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ERIC Number: ED332816
Record Type: RIE
Publication Date: 1991-Apr
Pages: 10
Abstractor: N/A
Reference Count: N/A
Children's Awareness of Their Popularity and Social Acceptability.
MacDonald, Christine D.
Children in grades one through six evaluated same-sex classmates in terms of sociometric nominations (three children you "like best") and sociometric ratings (a six-point scale ranging from "like very much" to "like very little"). In addition, each child performed a recursive version of each of the tasks (i.e., "Who do you think nominated you?"; "What rating do you think that each classmate gave you?"). Based on peer nominations and ratings, children were grouped into five social status categories: popular, average, neglected, controversial, and rejected. Significant main effects of status were found when actual and expected nominations and ratings were compared. Both ratings and nominations were underestimated by popular children, accurately estimated by average children, and overestimated by rejected children. Neglected children were accurate in their perceptions of peer ratings but not nominations, whereas controversial children were more accurate on nominations than ratings. Fifth and sixth grade girls were significantly more accurate than any other group, according to results of a signal detection analysis of the nomination data. Rejected boys were significantly less accurate than any other group. It is concluded that social status was related to social recursive thinking ability, and this relationship was the clearest among subjects in the extreme sociometric groups. (Author/RH)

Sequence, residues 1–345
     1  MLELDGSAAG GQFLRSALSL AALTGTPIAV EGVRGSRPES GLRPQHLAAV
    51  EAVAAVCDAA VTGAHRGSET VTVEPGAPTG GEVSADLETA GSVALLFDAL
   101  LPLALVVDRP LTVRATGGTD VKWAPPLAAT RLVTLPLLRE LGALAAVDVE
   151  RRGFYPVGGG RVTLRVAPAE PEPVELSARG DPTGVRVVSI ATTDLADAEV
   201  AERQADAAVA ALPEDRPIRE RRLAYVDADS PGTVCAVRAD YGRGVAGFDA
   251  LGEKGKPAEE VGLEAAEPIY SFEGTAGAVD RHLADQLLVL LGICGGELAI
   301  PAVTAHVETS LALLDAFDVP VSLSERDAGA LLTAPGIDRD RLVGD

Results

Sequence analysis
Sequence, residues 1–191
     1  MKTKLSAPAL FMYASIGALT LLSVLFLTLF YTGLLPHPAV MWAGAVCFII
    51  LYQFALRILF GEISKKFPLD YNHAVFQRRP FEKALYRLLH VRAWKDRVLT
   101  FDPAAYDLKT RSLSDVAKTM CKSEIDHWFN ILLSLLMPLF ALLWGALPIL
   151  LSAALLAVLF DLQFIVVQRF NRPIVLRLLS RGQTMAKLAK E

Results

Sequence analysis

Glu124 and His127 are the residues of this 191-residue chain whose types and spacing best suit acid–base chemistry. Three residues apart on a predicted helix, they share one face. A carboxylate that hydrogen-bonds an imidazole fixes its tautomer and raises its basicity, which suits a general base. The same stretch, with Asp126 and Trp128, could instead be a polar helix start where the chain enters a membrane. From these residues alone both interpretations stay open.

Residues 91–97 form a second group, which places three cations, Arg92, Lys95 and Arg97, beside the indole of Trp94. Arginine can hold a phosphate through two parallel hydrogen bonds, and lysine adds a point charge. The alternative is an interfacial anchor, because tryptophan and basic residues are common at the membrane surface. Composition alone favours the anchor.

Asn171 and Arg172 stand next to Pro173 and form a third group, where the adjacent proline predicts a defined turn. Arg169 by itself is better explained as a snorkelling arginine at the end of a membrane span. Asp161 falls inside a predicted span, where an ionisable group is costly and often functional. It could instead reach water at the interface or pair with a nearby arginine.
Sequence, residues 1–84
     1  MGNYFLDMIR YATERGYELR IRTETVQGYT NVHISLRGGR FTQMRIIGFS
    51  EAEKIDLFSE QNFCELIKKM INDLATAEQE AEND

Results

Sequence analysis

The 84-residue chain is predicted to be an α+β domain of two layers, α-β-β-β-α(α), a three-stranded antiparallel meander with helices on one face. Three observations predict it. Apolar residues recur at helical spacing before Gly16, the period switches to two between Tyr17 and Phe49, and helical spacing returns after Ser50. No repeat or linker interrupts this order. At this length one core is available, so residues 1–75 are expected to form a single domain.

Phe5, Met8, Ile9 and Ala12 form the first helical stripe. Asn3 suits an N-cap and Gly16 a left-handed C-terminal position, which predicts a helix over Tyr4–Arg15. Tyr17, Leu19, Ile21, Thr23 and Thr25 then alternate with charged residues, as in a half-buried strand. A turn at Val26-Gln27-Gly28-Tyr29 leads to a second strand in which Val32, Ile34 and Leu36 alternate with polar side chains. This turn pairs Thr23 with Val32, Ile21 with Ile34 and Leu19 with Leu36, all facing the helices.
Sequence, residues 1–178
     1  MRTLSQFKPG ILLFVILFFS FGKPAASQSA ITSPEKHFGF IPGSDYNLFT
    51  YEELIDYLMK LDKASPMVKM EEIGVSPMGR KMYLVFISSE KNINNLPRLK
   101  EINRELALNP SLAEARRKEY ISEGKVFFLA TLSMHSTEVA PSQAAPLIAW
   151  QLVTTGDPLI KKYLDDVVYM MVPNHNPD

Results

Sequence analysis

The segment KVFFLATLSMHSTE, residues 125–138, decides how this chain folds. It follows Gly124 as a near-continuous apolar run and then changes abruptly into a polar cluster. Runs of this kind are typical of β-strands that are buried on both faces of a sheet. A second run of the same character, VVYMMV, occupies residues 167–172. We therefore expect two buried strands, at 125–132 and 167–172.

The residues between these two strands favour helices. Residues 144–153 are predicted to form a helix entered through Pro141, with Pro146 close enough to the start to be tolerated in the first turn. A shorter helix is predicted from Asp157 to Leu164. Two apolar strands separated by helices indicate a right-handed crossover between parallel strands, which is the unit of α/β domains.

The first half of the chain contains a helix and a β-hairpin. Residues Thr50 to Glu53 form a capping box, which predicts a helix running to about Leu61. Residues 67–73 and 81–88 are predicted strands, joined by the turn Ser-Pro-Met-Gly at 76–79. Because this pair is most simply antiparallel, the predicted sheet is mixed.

Publication Type: Reports - Research; Speeches/Meeting Papers
Education Level: N/A
Audience: N/A
Language: English
Sponsor: N/A
Authoring Institution: N/A
Identifiers: Accuracy; Sociometric Status
Note: Paper presented at the Biennial Meeting of the Society for Research in Child Development (Seattle, WA, April 18-20, 1991).